RAC Cars News


Diesels Breaking Legal Pollution Limits

By raccars Published

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The 'laboratory testing versus real world driving conditions' row is on the table yet again, as a new report suggests that not only do cars fail to match official manufacturer fuel economy figures when tested in the real world, but also return much lower CO2 emissions figures for the same reasons.

An investigation by the ICCT (International Council on Clean Transportation) discovered that even new diesel powered cars can produce up to 25 times the legal limit of pollution during real world testing, as opposed to when tested in laboratory conditions. On average, real world testing showed cars emitting nitrogen oxides at seven times the level set by the new Euro 6 standards, as used from September. Of the 15 cars tested, only one achieved a target of 60mg/km, with one particularly poor performance, reaching 2,000mg/km.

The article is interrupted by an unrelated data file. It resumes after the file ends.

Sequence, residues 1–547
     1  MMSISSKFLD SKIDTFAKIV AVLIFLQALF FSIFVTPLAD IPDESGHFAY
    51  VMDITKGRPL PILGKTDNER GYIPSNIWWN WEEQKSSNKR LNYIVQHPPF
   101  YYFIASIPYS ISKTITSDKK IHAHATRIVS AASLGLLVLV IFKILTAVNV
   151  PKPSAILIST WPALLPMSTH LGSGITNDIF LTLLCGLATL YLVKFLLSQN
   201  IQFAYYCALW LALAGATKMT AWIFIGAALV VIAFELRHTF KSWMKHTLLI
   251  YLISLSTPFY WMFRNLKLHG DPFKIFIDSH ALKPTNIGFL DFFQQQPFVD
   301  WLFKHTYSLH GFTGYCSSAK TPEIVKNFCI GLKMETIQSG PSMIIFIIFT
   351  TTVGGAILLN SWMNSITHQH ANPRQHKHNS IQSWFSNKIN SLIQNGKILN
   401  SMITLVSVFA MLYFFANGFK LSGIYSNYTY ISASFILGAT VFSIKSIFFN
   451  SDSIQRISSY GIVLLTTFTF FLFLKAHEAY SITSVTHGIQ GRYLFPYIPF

High nitrogen oxide levels are suspected to contribute to premature death, with the finger being pointed at diesel powered cars in the UK. Recently, Boris Johnson, the London mayor, proposed new congestion charges on diesel cars entering the capital, to combat pollution.

The tests were carried out by Emissions Analytics but the company says it is unable to release all of the data it collected. However, it did reveal that the new Citroen C4 Cactus and the Mercedes C200 tested at three times the legal pollution limit.

Real world testing conditions feature quicker, harder acceleration periods and higher speeds than laboratory tests conducted by manufacturers. These have long been criticised for stripping down cars to reduce weight beyond reasonable real world limits and for driving extremely gently, rather than as cars would usually be driven on public roads. The ICCT claims its tests showed cars breaking legal pollution limits while driving normally, rather than aggressively.

The ICCT's report suggests that while auto manufacturers are on the right path with their development of more efficient and economical technologies, these are not necessarily being applied in a way that's appropriate to real world driving conditions. Technology for selective catalytic reduction, for example, is set up to be most effective in laboratory testing conditions, rather than when driving on public roads.

Less charitably, manufacturers have in the past been criticised for paying lip service to notions of fuel economy and emissions reductions, producing vehicles that work to satisfy statistics, rather than the needs of drivers in the real world.

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